Implied Threat ?
Every once in a while people hear "I practice karate" or "I have a black belt" and hear it as an implied threat - as if someone said, "I could totally kick your ass." Now when someone tells you that they could kick your ass it isn't just a statement of fact - it's not the same as me saying, "I can type faster than you can" - it's usually a veiled warning (depending on context, of course). So sometimes people get defensive, thinking that the karateka is asserting dominance or threatening to use violence to resolve any conflicts.
Implied Fighting Ability
Other people hear "I practice karate" and think I mean to say that I could beat up either anyone who doesn't practice, or anyone of lower rank than me. So they sometimes ask if I could beat up a particular person or type of person, to put me in the correct spot in some imagined global pecking order. The answer is always "maybe," because the outcome of a fight depends on so many things. I could lose a fistfight with my seven year old daughter if I get hit by a stray meteor before landing a punch.
There is another aspect to this that we have to consider: age. I'm 40. 50 years from now I'll still be at least a 3rd degree black belt - maybe higher. Chances are that despite my best efforts I won't be much of a fighter at that point, despite my rank. There is always, or almost always, a loss in overal ability due to the accumulated injuries and the effects of aging and training on fast twitch muscle fibers.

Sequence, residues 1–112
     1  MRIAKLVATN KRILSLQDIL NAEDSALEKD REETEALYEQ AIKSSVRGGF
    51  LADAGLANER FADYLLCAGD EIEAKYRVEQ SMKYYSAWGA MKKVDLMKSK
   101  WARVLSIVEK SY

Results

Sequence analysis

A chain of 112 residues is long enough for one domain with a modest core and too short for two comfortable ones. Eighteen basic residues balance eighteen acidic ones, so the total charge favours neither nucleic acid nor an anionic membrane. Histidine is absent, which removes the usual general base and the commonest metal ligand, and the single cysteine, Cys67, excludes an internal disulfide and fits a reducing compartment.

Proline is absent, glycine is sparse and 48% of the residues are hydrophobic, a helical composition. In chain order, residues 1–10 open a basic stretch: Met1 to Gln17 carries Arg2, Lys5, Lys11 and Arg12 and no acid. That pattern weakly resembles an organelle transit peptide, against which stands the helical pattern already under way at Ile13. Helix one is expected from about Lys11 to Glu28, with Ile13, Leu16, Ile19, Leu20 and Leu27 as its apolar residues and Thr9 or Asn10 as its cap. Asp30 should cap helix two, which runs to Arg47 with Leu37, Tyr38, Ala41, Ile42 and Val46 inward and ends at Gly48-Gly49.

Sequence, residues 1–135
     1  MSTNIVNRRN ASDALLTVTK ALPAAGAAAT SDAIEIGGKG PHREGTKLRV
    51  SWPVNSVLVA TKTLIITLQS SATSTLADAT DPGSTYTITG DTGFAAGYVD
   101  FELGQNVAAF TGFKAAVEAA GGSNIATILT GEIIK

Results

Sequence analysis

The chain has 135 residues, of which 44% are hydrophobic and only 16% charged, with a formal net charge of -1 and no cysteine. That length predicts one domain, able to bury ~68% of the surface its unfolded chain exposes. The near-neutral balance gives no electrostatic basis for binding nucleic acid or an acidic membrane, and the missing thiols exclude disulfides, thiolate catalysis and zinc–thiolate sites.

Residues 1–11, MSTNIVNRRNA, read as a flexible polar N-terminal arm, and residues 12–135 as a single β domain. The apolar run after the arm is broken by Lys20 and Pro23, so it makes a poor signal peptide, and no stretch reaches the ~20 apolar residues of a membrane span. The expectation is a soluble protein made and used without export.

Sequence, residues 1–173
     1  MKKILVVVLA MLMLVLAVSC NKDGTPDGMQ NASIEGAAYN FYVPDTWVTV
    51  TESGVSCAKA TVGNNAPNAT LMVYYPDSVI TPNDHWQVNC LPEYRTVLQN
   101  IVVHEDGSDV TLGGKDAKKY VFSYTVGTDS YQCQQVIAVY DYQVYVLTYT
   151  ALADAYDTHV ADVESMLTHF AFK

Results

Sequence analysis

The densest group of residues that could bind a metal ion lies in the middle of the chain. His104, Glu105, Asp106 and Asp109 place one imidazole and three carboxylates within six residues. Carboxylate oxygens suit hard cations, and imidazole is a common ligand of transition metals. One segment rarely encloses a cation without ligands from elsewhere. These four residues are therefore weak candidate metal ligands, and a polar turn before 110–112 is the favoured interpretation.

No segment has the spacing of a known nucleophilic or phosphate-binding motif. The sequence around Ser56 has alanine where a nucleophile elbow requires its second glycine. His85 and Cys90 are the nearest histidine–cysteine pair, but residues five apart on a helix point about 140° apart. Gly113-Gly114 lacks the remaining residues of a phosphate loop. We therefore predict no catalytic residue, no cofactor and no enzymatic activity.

Does that mean that person deserves your respect? Probably, at least a little bit. I have respect for anybody who works hard to achieve a goal - I respect people who can play musical instruments. My cousin Ed is a hell of a photographer, I respect him for that tremendously.
Does it mean you need to tread lightly around a black belt or worry about them beating you up? Only if they're also an ass-hole - which is possible, but actually not that likely. Violent people don't often last long in martial arts - bullies and hot tempered people don't do well when they have to regularly spend time in rooms filled with people skilled enough to kick the crap out of them.
Treat your black belt wearing friends the same way you'd treat someone who has any weird but interesting hobby - an amateur painter, long distance runner, or whatever. Try to avoid talking about violence and dominance issues. We don't practice martial arts so others will fear us, we do it because we love it.